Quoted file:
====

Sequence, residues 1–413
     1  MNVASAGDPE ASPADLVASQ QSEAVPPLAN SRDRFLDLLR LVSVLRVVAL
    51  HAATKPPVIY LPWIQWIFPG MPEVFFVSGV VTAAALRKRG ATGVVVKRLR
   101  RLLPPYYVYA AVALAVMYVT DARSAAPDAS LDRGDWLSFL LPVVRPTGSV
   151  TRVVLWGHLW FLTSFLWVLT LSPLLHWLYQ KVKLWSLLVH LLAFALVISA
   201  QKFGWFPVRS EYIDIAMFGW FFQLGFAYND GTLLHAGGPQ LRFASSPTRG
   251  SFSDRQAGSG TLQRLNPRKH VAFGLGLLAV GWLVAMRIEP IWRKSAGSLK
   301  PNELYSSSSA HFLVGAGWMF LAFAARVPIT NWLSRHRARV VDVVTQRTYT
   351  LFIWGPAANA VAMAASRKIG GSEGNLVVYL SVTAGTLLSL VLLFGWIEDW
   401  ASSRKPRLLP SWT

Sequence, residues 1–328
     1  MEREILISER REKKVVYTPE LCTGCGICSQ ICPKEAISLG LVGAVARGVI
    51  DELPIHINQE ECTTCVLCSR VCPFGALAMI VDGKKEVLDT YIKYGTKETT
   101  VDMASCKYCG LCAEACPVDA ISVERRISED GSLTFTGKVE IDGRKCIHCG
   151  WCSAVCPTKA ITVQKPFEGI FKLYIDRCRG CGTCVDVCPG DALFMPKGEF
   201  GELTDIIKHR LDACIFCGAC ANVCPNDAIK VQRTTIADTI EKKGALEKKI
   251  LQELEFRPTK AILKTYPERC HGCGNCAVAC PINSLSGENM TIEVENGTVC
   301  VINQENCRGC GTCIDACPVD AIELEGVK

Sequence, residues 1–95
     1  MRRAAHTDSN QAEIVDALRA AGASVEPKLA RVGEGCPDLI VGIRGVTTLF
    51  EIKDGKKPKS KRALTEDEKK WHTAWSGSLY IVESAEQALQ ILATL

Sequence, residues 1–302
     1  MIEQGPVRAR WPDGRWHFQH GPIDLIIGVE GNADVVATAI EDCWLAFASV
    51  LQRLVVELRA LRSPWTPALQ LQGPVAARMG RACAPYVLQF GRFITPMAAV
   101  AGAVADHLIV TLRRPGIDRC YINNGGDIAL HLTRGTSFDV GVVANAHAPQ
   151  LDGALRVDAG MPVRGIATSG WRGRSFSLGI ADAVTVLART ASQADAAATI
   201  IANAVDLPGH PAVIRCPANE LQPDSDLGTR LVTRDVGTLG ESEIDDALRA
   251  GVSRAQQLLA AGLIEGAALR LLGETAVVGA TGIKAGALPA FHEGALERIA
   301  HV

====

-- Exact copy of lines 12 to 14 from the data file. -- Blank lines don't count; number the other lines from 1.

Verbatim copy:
     1  MEREILISER REKKVVYTPE LCTGCGICSQ ICPKEAISLG LVGAVARGVI
    51  DELPIHINQE ECTTCVLCSR VCPFGALAMI VDGKKEVLDT YIKYGTKETT
   101  VDMASCKYCG LCAEACPVDA ISVERRISED GSLTFTGKVE IDGRKCIHCG